Wasp stings are common, particularly during the warmer months of the year when people spend more time outside. They can be unsettling, but for the most part, people recover easily and without complications. Wasps, like bees and hornets, have a stinger to defend themselves. The stinger of a wasp contains venom (a toxin) that is transmitted to people during a sting. Wasp venom can cause significant pain and inflammation even without a lodged stinger. If you are allergic to the venom, you can have a severe reaction. In any case, timely care is needed to keep symptoms and issues to a minimum. Most people who don’t have sting allergies will only show minor symptoms during and after a wasp sting.

Itching, redness, and swelling are also possible side effects. You’ll most likely develop a raised welt around the sting site. A small white mark where the stinger pierced the skin may be visible in the center of the welt. The pain and swelling usually go away within a few hours of being stung. A term used to identify more noticeable symptoms linked to a wasp or bee sting is “large regional reactions.” People who have severe local reactions to wasp stings may hate them, but they do not suffer life-threatening symptoms like anaphylactic shock. Extreme redness and swelling are common responses to wasp stings, and they last for 2 or 3 days after the sting.


Find out what happens inside the body during an allergic reaction. The majority of the time, significant local responses fade away on their own after a week or two. If you have a severe local reaction after being stung by a wasp, tell your doctor. To relieve your pain, they can prescribe an over-the-counter (OTC) antihistamine (such as Benadryl). When you have a big local response to a wasp sting, it doesn’t necessarily mean you’ll react the same way to future stings. You may have a severe reaction once and never experience the same symptoms again. However, a strong local reaction could be the way your body responds to wasp stings on a regular basis.


Anaphylaxis refers to the most serious allergic responses to wasp stings. Anaphylaxis happens when the body reacts to wasp venom by going into shock. Many people who are stung by a wasp go into shock quickly. Anaphylaxis must be treated immediately with emergency medical treatment. Symptoms of a severe wasp sting allergy include:

Swelling of the ears, tongue, or throat to a dangerous degree.

Hives or scratching on parts of the body that were not stung.

Wheezing or gasping are examples of respiratory problems.

a feeling of nausea

A decrease in blood pressure occurs suddenly.

the feeling of being lightheaded

Consciousness failure.

nauseousness or vomiting


While you do not experience any of these symptoms after being stung by a wasp, you are likely to experience at least a few of them after another sting. If you have a history of anaphylaxis, keep a kit with you in case you get stung by a wasp.

Epinephrine has a number of effects, including helping to lower blood pressure, improve heart rate and strength, and restore normal respiration. Anaphylactic shock is a medical emergency that requires immediate medical attention. Learn more about this dangerous illness, as well as what to do if you or someone you know is suffering from it. In the house, you can deal with mild and moderate wasp sting reactions. You must do the following when treating your sting at home: To extract as much venom as possible, wash the sting area with soap and water. To reduce swelling and pain, apply an ice bag to the wound site. To prevent infection, keep the wound clean and dry.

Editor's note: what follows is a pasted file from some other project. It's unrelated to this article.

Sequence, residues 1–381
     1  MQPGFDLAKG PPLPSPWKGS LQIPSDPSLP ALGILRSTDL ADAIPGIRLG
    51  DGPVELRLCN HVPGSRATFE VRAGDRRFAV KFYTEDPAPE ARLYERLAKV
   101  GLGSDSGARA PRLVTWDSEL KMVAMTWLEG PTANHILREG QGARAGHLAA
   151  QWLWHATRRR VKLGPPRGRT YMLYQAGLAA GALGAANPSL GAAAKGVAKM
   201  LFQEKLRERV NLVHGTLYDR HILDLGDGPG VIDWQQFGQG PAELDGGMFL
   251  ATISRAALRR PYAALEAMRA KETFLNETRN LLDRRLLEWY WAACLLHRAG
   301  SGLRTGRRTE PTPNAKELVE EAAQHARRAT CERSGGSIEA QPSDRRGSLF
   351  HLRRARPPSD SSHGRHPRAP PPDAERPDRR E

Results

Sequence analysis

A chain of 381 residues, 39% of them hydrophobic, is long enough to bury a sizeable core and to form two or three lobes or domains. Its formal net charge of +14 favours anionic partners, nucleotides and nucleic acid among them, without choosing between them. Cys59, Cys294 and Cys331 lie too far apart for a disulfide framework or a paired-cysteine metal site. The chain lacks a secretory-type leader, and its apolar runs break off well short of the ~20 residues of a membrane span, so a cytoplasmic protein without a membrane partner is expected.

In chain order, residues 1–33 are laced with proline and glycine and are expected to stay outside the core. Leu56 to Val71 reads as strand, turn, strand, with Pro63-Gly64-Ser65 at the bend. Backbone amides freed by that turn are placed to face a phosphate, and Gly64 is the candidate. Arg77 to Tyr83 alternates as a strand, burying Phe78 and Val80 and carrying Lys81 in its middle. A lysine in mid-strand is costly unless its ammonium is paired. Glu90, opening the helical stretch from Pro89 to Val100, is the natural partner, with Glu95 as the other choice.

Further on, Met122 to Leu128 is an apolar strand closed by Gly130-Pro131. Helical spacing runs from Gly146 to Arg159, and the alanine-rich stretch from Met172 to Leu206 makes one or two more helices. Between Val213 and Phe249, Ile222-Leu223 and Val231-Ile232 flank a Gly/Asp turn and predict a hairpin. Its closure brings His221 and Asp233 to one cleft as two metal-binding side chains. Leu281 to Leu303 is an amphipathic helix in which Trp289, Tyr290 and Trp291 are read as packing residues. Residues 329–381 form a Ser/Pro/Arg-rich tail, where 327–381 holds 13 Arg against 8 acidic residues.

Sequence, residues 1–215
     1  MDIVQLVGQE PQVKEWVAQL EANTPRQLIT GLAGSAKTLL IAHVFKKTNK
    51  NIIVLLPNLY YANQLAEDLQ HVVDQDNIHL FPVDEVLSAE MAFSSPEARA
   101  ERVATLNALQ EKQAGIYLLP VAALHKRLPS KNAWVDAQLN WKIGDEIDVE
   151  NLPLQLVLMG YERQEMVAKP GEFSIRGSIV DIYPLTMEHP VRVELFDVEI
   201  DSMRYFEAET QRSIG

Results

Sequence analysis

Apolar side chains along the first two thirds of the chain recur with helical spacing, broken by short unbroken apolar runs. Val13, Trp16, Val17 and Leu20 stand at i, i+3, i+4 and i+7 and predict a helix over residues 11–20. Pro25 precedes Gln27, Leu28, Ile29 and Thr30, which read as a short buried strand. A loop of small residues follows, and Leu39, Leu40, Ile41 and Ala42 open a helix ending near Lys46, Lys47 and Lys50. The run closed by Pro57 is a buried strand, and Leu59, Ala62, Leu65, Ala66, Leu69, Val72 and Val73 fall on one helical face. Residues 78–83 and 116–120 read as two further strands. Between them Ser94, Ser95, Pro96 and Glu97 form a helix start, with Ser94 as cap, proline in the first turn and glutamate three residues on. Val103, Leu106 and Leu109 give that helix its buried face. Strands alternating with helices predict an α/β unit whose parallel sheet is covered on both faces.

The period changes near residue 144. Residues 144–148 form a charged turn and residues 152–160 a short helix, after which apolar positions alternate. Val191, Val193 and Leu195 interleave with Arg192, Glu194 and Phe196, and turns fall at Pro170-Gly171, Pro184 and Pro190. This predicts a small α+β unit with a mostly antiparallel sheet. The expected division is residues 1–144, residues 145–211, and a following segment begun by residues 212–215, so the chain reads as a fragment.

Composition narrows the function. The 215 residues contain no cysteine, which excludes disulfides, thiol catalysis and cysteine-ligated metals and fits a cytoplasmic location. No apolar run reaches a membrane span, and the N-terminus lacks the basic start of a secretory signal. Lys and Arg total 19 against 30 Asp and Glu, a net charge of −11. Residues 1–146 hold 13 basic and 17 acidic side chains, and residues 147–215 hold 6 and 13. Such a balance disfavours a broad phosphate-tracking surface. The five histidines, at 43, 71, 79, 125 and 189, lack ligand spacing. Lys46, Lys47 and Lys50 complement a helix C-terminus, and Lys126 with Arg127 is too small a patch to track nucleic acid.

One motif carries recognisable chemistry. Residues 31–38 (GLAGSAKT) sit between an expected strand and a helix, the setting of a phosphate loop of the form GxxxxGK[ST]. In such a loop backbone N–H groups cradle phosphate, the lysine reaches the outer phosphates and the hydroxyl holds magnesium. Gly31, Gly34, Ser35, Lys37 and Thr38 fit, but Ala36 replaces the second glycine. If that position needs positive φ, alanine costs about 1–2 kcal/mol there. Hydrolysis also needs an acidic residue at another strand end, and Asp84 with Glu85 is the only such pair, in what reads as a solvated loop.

If scratching or skin irritation becomes unbearable, apply hydrocortisone cream or calamine lotion. Baking soda and colloidal oatmeal are skin-soothing ingredients that can be used in a bath or in medicated skin creams. Wasp stings can be relieved with over-the-counter pain relievers like ibuprofen. Antihistamines, such as diphenhydramine and chlorpheniramine, can also help with scratching. To avoid side effects like stomach pain or drowsiness, take all drugs exactly as prescribed. If you have not had a booster shot in the last 10 years, you should consider having a tetanus shot within a few days of the sting.


The hypothesis is that the acidity of vinegar can help to reduce the effects of wasp stings’ alkalinity. Bee stings, on the other hand, are more acidic than other stings. Soak a cotton ball in apple cider or white vinegar and put it on top of the afflicted area of skin to treat wasp stings. To help with the pain and inflammation, apply light pressure. The cotton ball can be left on top of your skin for several minutes. Wasp stings that cause severe allergic reactions require urgent medical attention. Insect sting allergies affect up to 0.8% of children and 3% of adults in general.


What we suggest here at ATAP Exterminators to get ahead of a wasp sting by limiting the chances of a sting. Contact us at (708) 980-0092 today if you see any signs of wasps around your home and property as we can provide you with a free assessment to wasp and bee removal.

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